Armando Hasudungan
Biology and Medicine videos



Overview Schizophrenia is a complex syndrome often presenting in late teens/early 20s with positive, negative and cognitive symptoms. Positive symptoms include behaviours and thoughts that are not normally present (psychosis). Negative symptoms include social withdrawal and affective flattening. Finally, cognitive symptoms are expressed as a broad set of cognitive dysfunction. The average lifetime prevalence of narrowly defined schizophrenia is just under 1%, but only about half of those affected ever obtain treatment. Schizophrenia on average has a shorter life than the rest of the population. Primary management are 1st and 2nd generation antipsychotics.

“Loss of contact with reality”
Delusion: strongly held false belief that are not typical of patient background and culture
Bizarre Delusions: Delusions that are totally implausible (eg, having been captured by aliens).
Non-Bizzare Delusions: Delusions that are plausible (eg, wife cheating on me).
Hallucination: Wakeful sensory experiences of content that is not actually present
Illusions: Distortion or misinterpretation of real sensory stimuli

Psychiatric Interview



  • History of presenting Illness
  • Medical history – Psychiatric as well
    • Admissions
  • Medication history
  • Drug and Alcohol
  • Forensic History
  • Social History
    • Relationship
    • Work
  • Developmental history
  • MSE
Mini State Examination (MSE) Findings in Shizophrenia
Appearence and Behaviour Desheveled, internally preoccupied, ↓eye contant/intesnse stare, stiff/agitated/slowed
Speech Mumbled, ↓content and spontaneity
Mood and affect Depressed, angry, anxious, flattened and inappropriate affect
Thought form and though content Disorganised, vague, tangential (word salad), focused/preoccupied, bizarre delusions
Cognition Deficits common
Insight Variable
Perception Responds to stimuli

Mental State Examination (ABCDEFGHIJ)

  • Appearence and Behaviours
  • Cognition
  • Delusion (Thought content) 
  • Emotion (mood and affect) 
  • Thought Form
  • Gab (speech)
  • Hallucinations and illusions (perception)
  • Insight and Judgement
When Can Confidentiality be breeched
Duty of Care – patient harm to self/others
Mandatory reporting – child abuse, STI
Criminal Law – police want information
Guardianship act – cases of anorexia
Court ordered – stepede

Risk Factors

  • Prenatal and perinatal events – complication in fetal life and born in late winter, early spring increases risk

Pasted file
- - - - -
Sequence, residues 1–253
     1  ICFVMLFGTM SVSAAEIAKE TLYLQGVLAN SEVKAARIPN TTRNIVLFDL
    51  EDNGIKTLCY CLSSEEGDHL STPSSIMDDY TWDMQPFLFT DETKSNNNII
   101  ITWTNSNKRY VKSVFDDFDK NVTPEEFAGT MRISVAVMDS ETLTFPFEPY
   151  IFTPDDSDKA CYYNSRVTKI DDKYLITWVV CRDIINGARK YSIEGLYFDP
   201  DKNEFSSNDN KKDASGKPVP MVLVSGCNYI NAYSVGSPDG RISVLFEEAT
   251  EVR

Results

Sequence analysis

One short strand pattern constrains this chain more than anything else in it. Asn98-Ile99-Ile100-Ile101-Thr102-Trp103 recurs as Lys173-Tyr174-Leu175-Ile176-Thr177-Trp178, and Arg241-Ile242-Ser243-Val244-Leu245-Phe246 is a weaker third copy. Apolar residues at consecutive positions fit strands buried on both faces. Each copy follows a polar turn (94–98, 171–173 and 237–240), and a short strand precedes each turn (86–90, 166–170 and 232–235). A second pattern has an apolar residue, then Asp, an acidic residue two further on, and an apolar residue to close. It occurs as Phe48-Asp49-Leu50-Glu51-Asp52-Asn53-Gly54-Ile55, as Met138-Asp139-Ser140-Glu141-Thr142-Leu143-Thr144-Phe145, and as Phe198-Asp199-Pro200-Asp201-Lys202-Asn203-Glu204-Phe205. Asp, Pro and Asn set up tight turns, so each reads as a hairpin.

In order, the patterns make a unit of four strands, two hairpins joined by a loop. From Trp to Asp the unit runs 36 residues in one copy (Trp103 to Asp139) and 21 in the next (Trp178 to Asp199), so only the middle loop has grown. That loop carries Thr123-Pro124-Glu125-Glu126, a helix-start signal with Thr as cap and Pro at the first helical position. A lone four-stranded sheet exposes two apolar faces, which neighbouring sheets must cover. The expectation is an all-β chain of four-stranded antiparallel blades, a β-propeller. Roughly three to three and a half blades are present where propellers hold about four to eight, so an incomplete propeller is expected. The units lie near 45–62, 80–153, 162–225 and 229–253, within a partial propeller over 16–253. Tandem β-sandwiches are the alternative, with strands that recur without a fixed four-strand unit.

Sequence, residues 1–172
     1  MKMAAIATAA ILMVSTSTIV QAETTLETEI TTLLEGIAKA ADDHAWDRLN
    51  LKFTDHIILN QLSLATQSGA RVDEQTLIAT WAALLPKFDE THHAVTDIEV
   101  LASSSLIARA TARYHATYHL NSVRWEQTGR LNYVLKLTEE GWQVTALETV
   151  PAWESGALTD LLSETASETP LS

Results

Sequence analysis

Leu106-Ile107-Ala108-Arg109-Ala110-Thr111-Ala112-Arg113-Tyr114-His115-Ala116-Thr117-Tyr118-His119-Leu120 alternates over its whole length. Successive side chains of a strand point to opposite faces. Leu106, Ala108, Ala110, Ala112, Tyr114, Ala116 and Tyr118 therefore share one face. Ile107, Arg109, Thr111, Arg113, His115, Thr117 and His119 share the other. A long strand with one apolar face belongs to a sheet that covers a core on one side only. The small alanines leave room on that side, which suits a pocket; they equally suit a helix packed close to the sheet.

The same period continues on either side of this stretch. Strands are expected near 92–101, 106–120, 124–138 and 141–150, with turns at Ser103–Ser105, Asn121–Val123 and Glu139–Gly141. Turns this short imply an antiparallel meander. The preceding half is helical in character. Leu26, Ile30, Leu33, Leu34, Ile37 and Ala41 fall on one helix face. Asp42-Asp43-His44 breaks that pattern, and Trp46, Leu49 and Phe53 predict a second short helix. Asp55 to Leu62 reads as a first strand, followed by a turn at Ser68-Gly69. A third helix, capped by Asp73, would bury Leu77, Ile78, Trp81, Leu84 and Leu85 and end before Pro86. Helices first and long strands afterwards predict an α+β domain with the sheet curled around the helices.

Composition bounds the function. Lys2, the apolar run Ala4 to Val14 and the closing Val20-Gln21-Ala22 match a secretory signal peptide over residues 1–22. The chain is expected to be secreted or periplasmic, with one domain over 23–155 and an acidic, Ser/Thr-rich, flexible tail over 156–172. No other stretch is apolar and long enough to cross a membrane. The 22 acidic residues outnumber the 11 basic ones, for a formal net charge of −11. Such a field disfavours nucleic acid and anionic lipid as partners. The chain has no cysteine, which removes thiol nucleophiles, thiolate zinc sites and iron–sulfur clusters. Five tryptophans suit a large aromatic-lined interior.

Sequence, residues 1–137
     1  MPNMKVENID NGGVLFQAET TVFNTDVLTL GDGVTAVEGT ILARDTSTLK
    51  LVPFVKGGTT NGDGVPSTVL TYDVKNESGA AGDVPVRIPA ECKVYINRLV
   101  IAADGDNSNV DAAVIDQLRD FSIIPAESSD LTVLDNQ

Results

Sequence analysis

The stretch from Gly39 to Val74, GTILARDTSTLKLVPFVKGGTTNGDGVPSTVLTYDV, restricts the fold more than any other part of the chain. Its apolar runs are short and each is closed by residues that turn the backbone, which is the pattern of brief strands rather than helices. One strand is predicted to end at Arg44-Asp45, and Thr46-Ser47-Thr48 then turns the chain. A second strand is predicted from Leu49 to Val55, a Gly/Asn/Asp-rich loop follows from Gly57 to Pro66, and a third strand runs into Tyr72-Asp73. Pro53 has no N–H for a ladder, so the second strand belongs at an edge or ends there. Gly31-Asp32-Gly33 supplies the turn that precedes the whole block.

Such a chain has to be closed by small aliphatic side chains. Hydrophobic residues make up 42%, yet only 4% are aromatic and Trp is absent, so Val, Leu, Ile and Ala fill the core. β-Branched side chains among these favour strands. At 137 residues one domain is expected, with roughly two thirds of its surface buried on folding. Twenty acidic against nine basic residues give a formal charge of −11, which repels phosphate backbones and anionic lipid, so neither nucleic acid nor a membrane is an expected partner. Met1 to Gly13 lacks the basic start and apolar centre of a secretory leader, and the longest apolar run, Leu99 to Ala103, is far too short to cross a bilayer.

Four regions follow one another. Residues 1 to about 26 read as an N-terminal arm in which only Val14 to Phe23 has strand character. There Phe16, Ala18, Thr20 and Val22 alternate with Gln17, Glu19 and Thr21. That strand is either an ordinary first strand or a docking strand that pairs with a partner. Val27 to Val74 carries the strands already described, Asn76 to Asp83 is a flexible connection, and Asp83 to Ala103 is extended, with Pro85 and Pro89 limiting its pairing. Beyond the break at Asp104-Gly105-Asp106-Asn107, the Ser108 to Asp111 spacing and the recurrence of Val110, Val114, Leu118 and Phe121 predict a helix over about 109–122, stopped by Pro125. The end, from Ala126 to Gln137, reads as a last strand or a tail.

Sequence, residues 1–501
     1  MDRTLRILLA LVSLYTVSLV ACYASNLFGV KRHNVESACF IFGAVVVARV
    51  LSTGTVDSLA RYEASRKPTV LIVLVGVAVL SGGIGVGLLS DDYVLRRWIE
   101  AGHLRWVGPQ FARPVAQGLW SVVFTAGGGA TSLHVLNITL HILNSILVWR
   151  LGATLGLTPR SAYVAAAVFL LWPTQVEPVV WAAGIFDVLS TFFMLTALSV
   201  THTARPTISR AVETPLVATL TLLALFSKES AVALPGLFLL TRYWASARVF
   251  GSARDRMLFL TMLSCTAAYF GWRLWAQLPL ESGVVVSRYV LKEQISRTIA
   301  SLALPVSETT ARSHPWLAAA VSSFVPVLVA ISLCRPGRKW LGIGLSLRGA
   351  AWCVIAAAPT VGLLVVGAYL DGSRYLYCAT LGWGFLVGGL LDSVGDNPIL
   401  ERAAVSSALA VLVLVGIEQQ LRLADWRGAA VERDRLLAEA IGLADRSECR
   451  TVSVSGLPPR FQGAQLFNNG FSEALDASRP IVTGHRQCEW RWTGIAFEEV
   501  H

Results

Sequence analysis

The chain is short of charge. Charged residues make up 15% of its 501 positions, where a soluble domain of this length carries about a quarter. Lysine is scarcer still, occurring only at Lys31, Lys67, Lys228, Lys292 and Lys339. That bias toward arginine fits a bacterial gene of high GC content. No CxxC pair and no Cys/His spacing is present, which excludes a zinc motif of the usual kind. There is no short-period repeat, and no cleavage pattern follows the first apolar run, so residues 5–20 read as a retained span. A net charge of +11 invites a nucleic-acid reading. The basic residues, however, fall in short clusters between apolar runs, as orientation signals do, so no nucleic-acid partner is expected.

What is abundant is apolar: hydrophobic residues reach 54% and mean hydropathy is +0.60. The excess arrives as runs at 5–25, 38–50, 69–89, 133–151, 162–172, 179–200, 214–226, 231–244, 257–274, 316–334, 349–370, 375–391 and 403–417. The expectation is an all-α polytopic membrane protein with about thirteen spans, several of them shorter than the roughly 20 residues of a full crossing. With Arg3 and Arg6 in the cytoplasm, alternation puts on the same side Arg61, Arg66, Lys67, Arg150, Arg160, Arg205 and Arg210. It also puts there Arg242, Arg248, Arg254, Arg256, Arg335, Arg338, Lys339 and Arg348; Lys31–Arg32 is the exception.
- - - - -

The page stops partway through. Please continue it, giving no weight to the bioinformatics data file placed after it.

• Paternal age – older fathering increased risk of child
  • Urban environment – more common in disadvantaged areas (less support)
  • Migration status – increased rates amongst migrants
  • Drug abuse – persistant abuse of amphetamine, methamphetamine and cocaine. Cannabis increases rates of psychotic episodes.
  • Social adversity – physical abuse, sexual abuse, maltreatment and bullying

Stages of Schizophrenia

Stages of Schizophrenia and its features 
Stage Description Features
I Risk (Premorbid)
  • Genetic and environmental risk
  • Asymptomatic
II Prodrome
  • Cognitive and social deficits
  • Help seeking
III Acute psychosis
  • Relapse and remitting
  • Suicide risk
IV Chronic psychosis (Residual)
  • Medical complications
  • Disability

Signs and Symptoms

There are two categories of symptoms: positive and negative. The symptoms of schizophrenia usually begin between late adolescence and the mid-30s.

Positive symptoms

  • Hallucination
  • Delusions
  • Disorganised thoughts and speech
  • Disorganised behaviour

Negative Symptoms

  • Apathy
  • Self-neglect
  • Blunted mood
  • Decreased motivation
  • Withdrawal

Cognitive Symptoms

Disorganized speech (thinking): derailment/loose associations (switching from one topic to another); tangential (answers rarely/loosely related); incoherent/word salad.

Differential Diagnosis

Remember Before diagnosing schizophrenia, remember to rule out any substance abuse, medications, or medical conditions that could be causing the psychotic symptoms.
 Diagnosis  Psychotic symptoms  Mood Disorder
Schizophrenia  Present Brief duration of mood symptoms
Shizoaffective disorder Present along with and in the absence of mood disorder Present only with psychotic symptoms
Mood disorder Present only during mood disorder Present in the absence of psychotic symptoms


Primary psychosis (Illnesses with Psychosis) Clinical features
Schizophreniform Duration of symptoms is at least one month but less than six months
Schizoaffective disorder Mood episode concurrent with active-phase symptoms; mood symptoms present for a substantial portion of the disturbance; delusions present for two weeks without prominent mood symptoms
Delusional disorder Nonbizarre delusions, absence of hallucinations, disorganized speech or behavior, negative symptoms
Schizoital personality disorder
PTSD Traumatic inciting event; symptoms relate to reliving or reacting to the event
Obsessive compulsive disorder Prominent obsessions, compulsions, and preoccupations with appearance or body odor, hoarding, or body-focused repetitive behaviors
Substance induced Abnormal vital signs, needle marks, poor nutrition.